We received countless written submissions. We heard farmers whom we met in the occupied territories give their own testimonies of their difficulties. It is sometimes argued that Palestinian farmers do not have title deeds to their land, so it is not theirs. In fairness, I think that that is a somewhat disingenuous argument. As we all know, all this territory was, before the first world war, in the Ottoman empire. The Ottomans levied a land tax, but obviously the further away from Constantinople, or Istanbul, the land was, the more difficult it was for them to extract the tax. As a consequence of the tax, farmers in the Ottoman empire were, understandably, not desperately keen to demonstrate how much land they owned. However, much of the land that has been confiscated in the west bank has clearly been in and worked by Palestinian families for generations.
There is a broader point. If Israel continues to allow consolidation and expansion of existing settlements and the setting up of new settlements, just what does it see as the borders of a viable Palestinian state? Does Israel actually want there to be such a state? If all that Israel wants to offer is a number of Palestinian enclaves under some semi-autonomous Palestinian local government control, it is very difficult to see how everyone living in the west bank will not sooner or later, de facto and de jure, become citizens of Israel. It simply is not possible to have a large number of people who are in effect without statehood, citizenship rights or remedies indefinitely.
When the Select Committee was driving to Tel Aviv to meet Israeli Ministers, senior members of the Israeli defence forces and others, we had as our guide a young, very bright official from the Israeli Foreign Ministry. One member of the Committee asked why there were so few settlements between Jerusalem and Tel Aviv. I suspect that the official's response was somewhat tongue in cheek, but it still makes the point. He said, "This land is indisputably Israeli, so we don't have to make a point here." If the point of building the settlements in the west bank is to make the land Israeli, there comes a point when a two-state solution is no longer possible. The logical consequence of that must be the creation of a single state. Paragraph C5 on page 18 of the Government's consultation paper, "Country Assistance Plan for Palestinians: 2004–2006" points out:
"There is a second threat to a two-state solution: a majority of Palestinians may stop wanting it, preferring a single state from the Jordan to the Mediterranean. Palestinians would outnumber Jewish Israelis in such a state within 10–15 years. Such a state could thus not be democratic and preserve the Jewish character of Israel."
That is, the paper observes,
"a reminder of the logical consequences of indefinite occupation."
No one challenges Israel's right to build a barrier if it so wishes. We stated in the report, in conclusion 5 on page 71:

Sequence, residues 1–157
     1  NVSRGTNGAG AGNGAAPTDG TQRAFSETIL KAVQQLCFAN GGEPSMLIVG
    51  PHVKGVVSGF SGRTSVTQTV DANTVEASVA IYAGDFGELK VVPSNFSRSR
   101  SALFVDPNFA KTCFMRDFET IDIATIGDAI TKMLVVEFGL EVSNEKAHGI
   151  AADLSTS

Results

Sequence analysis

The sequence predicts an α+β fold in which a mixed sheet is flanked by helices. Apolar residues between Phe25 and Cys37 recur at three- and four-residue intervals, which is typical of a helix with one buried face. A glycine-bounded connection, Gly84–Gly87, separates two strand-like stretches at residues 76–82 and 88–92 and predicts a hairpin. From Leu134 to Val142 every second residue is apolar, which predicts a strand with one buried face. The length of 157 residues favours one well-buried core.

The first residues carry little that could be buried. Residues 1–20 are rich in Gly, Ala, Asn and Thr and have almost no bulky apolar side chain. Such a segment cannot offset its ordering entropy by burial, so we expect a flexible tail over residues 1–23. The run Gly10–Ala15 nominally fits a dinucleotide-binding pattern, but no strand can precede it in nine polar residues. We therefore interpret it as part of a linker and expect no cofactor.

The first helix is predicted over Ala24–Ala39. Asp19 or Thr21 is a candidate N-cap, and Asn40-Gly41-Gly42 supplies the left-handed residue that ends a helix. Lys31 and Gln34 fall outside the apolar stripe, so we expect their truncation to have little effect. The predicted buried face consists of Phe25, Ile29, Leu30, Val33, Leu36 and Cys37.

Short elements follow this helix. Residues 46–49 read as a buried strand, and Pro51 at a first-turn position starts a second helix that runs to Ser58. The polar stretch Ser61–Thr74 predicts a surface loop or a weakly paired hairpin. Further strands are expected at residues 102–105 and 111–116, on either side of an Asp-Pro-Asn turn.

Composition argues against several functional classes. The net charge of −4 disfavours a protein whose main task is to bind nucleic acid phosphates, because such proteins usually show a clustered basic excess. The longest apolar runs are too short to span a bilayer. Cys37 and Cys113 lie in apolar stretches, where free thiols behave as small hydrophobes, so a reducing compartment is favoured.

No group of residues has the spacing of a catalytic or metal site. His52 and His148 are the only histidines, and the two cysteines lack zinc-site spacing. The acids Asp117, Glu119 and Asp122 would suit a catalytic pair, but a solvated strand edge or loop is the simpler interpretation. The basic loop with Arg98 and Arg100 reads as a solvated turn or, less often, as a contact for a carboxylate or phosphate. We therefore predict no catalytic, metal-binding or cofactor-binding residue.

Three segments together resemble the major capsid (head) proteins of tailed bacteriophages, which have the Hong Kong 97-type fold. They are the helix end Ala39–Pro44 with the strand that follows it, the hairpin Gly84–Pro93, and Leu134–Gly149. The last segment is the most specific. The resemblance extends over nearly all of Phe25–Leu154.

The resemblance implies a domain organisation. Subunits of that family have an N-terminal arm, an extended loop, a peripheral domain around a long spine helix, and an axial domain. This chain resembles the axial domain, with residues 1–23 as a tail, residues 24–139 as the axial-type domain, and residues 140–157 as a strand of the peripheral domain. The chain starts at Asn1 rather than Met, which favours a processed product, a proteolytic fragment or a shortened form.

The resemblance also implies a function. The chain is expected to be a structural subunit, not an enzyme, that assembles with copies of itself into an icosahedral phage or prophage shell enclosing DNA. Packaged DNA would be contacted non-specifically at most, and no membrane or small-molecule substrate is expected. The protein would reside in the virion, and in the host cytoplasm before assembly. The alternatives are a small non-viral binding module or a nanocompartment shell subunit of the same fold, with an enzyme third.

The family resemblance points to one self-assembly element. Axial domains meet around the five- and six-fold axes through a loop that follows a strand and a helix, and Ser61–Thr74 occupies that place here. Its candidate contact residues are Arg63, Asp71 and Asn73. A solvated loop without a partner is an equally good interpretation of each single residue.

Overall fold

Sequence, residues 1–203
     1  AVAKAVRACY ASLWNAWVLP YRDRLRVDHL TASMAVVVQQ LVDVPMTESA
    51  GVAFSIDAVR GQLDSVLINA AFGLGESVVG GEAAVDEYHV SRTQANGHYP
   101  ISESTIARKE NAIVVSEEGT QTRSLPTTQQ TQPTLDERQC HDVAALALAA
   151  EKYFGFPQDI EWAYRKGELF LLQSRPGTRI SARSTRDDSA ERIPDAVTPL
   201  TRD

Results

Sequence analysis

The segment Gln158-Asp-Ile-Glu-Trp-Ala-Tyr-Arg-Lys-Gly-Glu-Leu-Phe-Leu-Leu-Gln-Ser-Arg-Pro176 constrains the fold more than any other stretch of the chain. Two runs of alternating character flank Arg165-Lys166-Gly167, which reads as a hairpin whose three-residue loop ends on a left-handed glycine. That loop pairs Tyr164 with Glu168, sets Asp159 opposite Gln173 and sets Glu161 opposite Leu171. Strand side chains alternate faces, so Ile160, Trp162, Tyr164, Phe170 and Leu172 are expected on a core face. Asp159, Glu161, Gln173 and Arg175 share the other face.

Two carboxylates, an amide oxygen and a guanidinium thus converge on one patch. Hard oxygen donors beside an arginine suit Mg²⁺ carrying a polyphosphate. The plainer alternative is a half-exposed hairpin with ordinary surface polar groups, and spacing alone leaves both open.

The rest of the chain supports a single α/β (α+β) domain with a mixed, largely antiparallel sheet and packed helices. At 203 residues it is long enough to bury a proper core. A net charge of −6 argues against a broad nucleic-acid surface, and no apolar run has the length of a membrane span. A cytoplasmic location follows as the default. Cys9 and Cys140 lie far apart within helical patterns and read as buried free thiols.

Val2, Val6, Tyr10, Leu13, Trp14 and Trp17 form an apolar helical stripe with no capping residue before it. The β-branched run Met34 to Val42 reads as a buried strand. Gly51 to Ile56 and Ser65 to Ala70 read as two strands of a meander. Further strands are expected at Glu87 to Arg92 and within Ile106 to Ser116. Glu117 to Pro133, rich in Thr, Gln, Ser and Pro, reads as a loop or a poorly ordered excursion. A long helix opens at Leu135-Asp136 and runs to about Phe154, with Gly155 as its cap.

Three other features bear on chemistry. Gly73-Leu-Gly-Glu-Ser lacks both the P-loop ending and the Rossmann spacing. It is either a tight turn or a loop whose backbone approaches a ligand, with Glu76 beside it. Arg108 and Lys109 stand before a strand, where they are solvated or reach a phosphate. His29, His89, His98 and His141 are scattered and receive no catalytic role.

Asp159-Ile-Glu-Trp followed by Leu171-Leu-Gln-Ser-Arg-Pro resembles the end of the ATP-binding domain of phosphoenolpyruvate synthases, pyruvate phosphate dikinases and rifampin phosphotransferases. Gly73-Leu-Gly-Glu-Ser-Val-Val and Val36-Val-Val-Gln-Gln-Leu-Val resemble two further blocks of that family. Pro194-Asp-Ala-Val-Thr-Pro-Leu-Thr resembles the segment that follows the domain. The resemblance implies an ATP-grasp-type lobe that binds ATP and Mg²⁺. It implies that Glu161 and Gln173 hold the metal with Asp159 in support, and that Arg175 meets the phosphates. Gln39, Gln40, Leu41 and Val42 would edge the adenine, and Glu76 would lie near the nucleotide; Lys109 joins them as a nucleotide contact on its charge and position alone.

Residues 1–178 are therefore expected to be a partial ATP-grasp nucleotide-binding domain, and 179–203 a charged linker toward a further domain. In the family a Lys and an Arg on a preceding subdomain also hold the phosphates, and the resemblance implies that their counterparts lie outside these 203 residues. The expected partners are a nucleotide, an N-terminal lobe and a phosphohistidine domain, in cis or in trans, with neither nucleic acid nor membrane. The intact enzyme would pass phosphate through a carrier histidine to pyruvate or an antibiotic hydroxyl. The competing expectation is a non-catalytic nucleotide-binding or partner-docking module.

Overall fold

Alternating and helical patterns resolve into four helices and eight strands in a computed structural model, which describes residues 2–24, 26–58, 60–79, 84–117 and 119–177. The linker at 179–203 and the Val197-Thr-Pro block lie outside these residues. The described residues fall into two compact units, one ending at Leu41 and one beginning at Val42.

"We can understand why Israel, fearful of its security, wants to build a barrier."
However, we go on to observe that
"any such security fence should be constructed on Israeli, not Palestinian, land. The construction process and path which the barrier takes support Palestinian fears about the motivation which lies behind it. The barrier destroys the viability of a future Palestinian state."
According to the latest projections of the Israeli Government, approximately 210,000 acres—just under 15 per cent. of west bank land, excluding east Jerusalem—will lie between the separation barrier and the internationally recognised green line separating Israel from the Palestinian territory. That land is some of the most fertile on the west bank and is home to 274,000 people, many of whom do not have Israeli residency permits. More than 400,000 other Palestinians living to the east of the barrier will need to cross it to get to their farms, jobs and services. In total, approximately one third of Palestinians in the west bank will be directly affected by the barrier. Little of the barrier follows the green line; some 90 per cent. of it has been built on Palestinian land. Those statistics are from paragraph 8 of the Department for International Development consultation paper.
The Select Committee and the Government are as one on the concerns about the barrier. The Government's response to our conclusion on the barrier states that they
"support the Israeli government's right to take legitimate measures to protect its citizens. But unilateral measures, such as the barrier, will not provide lasting security. This can only be delivered by a negotiated settlement. Construction of the barrier on occupied territory is unlawful, inflames Palestinian public opinion and harms the prospects for peace. The confiscation of Palestinian land associated with the construction of the barrier is also unlawful and creates a physical obstacle to the two-state solution."